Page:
(lispref.info)List-related Predicates


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Predicates on Lists
===================

   The following predicates test whether a Lisp object is an atom, is a
cons cell or is a list, or whether it is the distinguished object `nil'.
(Many of these tests can be defined in terms of the others, but they are
used so often that it is worth having all of them.)

 - Function: consp OBJECT
     This function returns `t' if OBJECT is a cons cell, `nil'
     otherwise.  `nil' is not a cons cell, although it *is* a list.

 - Function: atom OBJECT
     This function returns `t' if OBJECT is an atom, `nil' otherwise.
     All objects except cons cells are atoms.  The symbol `nil' is an
     atom and is also a list; it is the only Lisp object which is both.

          (atom OBJECT) == (not (consp OBJECT))

 - Function: listp OBJECT
     This function returns `t' if OBJECT is a cons cell or `nil'.
     Otherwise, it returns `nil'.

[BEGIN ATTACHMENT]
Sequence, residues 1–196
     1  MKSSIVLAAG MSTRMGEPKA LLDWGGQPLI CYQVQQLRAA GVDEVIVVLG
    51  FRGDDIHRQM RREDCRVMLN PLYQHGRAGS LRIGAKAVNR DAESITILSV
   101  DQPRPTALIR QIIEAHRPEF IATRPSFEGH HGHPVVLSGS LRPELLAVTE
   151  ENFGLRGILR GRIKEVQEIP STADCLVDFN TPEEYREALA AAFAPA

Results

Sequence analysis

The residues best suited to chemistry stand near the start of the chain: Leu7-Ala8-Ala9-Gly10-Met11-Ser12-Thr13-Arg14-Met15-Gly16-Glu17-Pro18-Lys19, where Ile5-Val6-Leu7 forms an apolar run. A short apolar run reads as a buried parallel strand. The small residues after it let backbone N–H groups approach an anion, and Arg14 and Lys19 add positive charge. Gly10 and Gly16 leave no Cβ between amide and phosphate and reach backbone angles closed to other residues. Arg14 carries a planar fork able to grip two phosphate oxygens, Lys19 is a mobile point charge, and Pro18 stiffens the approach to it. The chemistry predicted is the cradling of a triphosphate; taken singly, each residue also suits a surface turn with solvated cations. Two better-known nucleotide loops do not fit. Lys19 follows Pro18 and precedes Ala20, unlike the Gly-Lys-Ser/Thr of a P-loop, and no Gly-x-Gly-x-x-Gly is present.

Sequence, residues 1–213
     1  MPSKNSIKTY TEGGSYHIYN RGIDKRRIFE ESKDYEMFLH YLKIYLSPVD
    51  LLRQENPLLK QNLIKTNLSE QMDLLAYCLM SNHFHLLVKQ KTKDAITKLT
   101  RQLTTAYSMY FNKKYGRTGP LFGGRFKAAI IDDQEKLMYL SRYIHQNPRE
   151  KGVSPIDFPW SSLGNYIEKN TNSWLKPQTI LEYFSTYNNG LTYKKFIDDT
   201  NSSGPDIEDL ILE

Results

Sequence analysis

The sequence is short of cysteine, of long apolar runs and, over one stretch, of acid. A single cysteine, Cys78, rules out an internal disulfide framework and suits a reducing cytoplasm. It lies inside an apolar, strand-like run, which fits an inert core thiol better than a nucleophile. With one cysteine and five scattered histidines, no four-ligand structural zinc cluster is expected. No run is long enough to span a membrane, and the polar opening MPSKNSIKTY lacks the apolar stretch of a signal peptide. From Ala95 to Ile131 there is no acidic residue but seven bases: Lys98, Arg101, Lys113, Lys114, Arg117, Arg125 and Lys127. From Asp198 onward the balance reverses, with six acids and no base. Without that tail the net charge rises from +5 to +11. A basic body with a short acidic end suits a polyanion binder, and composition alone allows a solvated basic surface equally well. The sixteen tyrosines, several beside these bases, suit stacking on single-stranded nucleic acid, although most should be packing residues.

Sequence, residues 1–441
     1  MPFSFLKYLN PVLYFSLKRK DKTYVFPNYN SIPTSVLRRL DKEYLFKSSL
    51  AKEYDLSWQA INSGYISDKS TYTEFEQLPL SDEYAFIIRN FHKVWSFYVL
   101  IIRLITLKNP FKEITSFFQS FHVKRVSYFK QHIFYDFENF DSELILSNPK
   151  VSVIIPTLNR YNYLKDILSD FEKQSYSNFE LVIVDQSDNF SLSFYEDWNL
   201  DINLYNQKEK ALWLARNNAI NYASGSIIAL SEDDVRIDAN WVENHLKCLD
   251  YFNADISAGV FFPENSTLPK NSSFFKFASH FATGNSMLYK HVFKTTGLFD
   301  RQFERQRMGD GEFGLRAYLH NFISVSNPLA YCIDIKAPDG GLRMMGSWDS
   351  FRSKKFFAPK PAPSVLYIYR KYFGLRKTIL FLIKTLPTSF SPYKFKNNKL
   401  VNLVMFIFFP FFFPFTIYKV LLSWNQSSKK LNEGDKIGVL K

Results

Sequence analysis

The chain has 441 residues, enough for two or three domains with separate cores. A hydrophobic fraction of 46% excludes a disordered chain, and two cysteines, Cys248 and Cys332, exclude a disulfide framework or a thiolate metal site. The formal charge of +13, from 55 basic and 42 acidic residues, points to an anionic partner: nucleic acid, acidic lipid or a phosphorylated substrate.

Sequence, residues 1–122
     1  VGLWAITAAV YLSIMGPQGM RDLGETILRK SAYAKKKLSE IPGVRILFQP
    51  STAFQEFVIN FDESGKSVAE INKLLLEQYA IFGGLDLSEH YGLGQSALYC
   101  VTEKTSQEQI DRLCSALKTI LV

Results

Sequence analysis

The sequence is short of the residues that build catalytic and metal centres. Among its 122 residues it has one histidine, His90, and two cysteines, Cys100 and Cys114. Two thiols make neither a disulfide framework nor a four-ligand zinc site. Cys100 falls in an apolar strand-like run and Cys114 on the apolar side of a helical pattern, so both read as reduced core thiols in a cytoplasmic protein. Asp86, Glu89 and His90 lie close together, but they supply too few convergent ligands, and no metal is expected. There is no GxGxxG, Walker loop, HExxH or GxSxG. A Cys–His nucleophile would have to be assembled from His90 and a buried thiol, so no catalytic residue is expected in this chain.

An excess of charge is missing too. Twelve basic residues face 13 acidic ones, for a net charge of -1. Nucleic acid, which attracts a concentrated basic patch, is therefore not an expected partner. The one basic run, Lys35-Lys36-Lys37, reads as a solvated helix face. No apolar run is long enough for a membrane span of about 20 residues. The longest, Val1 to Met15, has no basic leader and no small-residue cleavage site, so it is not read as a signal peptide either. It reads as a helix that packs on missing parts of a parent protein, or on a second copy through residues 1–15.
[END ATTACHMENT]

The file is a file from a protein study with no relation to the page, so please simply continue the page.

(listp '(1))
               => t
          (listp '())
               => t

 - Function: nlistp OBJECT
     This function is the opposite of `listp': it returns `t' if OBJECT
     is not a list.  Otherwise, it returns `nil'.

          (listp OBJECT) == (not (nlistp OBJECT))

 - Function: null OBJECT
     This function returns `t' if OBJECT is `nil', and returns `nil'
     otherwise.  This function is identical to `not', but as a matter
     of clarity we use `null' when OBJECT is considered a list and
     `not' when it is considered a truth value (see `not' in *Note
     Combining Conditions::).

          (null '(1))
               => nil
          (null '())
               => t


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